danger to the city: "Il faut le reconnaître, ce sont des établissements nécessaires."
M. Alphand, chief of the Department of Public Works, who was held partly responsible by the public for the state of affairs, made a speech before the Council of Hygiene, October 1st, which is reported in the "Journal Officiel" of October 7, 1880. He speaks more at length than the commission above-mentioned with regard to establishments of the kind that have caused so many complaints in New York. He says:
"The abattoirs of La Villette give rise, as our colleague Dr. Voisin has remarked, to disagreeable odors. These odors do not come, as has been supposed, from the barge which receives the manure and entrails of the slaughtered animals; those matters are, in fact, thoroughly disinfected and removed daily. The bad smells which escape in the vicinity of these abattoirs of La Villette are produced by the fat-rendering, which is done immediately after the killing. This is a nuisance inevitably connected with all establishments of this kind. . . .
"There is, at the gates of Paris, between the Chemin de Fer du Nord and the canal, all along the street La Haie-Coq to Aubervilliers, a collection of factories that treat animal matters and spread abroad nauseous smells. . . . It can not be too strongly insisted upon that these emanations, so objectionable to the sense of smell, have no miasmatic character, and are not dangerous in a medical point of view. . . .
"An evident proof of the harmlessness of these odors, as far as the public health is concerned, is found in the following figures: The complaints of bad odors began in August and increased in intensity up to the month of September. Now, the mortality lists, for the first week of August, show 1,114 deaths; the list for the week from September 9th to 16th shows only 881, a number smaller than the average when Paris is in the best sanitary condition."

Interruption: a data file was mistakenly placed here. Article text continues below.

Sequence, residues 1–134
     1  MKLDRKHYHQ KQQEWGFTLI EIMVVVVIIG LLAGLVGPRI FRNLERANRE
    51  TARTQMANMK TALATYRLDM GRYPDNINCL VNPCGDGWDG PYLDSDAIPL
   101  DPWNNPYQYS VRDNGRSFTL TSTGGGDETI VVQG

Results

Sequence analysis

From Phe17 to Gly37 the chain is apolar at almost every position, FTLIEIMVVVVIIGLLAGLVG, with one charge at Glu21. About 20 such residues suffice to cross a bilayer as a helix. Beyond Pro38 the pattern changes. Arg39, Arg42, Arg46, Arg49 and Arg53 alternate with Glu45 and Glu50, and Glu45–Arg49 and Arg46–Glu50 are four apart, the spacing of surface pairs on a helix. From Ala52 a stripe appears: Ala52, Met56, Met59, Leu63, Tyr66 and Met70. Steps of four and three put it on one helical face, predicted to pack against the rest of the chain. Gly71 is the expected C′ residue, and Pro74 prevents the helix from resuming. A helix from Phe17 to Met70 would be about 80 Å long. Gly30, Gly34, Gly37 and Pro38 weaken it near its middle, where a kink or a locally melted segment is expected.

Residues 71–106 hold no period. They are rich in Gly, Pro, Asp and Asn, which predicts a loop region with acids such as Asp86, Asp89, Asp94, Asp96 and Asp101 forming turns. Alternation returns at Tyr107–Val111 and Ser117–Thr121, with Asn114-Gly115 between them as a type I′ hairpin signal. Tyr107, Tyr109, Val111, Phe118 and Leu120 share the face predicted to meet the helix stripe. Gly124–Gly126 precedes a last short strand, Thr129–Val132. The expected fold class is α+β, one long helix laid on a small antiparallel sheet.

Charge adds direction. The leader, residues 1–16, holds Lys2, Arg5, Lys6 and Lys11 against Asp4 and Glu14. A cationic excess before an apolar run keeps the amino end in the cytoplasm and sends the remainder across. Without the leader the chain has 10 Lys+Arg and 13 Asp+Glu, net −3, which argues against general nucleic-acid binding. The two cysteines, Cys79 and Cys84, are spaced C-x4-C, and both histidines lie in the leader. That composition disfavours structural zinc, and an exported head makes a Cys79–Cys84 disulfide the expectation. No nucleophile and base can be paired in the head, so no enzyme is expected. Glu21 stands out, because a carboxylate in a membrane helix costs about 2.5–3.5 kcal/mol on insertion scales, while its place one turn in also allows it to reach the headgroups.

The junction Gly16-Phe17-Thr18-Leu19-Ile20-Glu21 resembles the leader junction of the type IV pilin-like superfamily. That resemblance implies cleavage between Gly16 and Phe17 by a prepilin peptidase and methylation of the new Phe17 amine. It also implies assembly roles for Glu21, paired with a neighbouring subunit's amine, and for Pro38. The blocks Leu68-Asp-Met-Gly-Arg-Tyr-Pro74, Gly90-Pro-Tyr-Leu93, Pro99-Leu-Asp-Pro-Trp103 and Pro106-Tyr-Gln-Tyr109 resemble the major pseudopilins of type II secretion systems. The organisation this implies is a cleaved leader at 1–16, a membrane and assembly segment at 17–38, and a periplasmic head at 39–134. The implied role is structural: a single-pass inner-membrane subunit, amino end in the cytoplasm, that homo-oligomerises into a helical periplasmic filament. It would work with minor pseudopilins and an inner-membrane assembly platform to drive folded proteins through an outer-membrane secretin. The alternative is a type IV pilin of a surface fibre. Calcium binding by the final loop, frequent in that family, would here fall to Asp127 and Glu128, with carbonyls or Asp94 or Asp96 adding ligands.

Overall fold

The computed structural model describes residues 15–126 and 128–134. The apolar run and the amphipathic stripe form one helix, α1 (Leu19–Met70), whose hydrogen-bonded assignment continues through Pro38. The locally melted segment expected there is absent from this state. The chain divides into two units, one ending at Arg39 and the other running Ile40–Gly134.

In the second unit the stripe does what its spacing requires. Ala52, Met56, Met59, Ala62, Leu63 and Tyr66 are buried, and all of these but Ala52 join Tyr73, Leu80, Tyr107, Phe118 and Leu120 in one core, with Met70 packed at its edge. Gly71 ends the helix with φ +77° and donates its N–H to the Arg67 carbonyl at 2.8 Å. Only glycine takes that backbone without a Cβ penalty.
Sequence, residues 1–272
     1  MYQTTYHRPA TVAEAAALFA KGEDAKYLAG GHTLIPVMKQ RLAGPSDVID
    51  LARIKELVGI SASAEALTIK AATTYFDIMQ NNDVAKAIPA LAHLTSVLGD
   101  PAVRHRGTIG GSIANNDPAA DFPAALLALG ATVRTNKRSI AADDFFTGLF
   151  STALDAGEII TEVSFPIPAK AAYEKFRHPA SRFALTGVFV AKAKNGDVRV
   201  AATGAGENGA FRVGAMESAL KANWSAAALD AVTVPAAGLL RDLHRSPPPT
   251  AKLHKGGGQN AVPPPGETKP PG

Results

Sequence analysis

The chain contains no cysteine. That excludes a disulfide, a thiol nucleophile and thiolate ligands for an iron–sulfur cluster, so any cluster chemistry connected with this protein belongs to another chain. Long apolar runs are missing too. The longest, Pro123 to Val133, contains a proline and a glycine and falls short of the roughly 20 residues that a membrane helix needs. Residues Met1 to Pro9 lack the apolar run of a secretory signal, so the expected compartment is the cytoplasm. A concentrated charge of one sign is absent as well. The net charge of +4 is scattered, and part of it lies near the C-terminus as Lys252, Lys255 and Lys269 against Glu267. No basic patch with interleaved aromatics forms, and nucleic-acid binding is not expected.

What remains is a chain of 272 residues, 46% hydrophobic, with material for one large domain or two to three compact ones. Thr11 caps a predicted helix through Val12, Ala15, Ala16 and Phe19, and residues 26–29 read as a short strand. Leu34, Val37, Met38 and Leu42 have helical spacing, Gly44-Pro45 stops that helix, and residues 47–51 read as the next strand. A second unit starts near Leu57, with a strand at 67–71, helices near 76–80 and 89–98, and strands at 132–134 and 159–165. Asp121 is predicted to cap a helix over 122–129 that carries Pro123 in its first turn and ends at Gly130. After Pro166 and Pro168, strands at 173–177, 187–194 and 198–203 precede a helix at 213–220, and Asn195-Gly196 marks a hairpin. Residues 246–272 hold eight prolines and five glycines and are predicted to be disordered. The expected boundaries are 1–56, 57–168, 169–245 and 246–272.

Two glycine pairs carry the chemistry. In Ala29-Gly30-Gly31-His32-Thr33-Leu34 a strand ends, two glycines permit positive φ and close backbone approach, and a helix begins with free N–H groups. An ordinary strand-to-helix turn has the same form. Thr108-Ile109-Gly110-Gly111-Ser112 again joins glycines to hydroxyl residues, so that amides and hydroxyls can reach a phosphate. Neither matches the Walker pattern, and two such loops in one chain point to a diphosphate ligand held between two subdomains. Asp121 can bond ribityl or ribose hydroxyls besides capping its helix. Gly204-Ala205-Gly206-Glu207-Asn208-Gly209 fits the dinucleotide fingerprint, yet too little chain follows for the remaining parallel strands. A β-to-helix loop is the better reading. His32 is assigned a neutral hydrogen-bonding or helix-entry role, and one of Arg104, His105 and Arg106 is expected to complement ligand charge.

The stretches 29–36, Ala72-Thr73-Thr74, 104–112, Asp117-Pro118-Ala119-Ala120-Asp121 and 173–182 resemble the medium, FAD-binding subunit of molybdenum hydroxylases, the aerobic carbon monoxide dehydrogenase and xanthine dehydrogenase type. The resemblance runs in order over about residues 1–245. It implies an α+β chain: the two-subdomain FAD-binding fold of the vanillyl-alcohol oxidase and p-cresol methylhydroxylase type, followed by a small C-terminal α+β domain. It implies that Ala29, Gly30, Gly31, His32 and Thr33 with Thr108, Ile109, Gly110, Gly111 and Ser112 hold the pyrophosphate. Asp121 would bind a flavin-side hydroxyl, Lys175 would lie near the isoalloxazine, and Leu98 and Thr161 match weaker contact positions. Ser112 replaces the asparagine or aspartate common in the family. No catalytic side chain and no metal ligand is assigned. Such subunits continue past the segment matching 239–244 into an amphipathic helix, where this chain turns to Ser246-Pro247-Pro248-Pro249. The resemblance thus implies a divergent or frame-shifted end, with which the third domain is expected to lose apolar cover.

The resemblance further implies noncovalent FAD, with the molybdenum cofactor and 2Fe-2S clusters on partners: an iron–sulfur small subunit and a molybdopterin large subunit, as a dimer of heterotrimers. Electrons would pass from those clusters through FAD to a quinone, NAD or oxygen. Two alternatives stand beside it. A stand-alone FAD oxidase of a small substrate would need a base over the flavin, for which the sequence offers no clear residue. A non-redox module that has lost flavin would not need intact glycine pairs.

The following words of M. Alphand are worthy of consideration here in New York:
"Besides, the public must not demand the impossible, and the production of emanations more or less disagreeable, more or less offensive, can never be completely avoided in the midst of this collection of two million human beings, and many hundreds of thousands of animals—dogs, cats, horses, cattle, poultry, etc."
The speech of M. Alphand was not dealt with tenderly by the newspaper men, who naturally knew much more about the subject than he did. M. Francisque Sarcey, in the "XIXième Siècle," scarifies him in the following terms, which lose much of their vigor and sarcastic force in the translation:
"M. Alphand deduces from this very unanimity an argument against the press; it is the newspapers, he says, that have thrown bitterness into the question. It is they who have made all the trouble!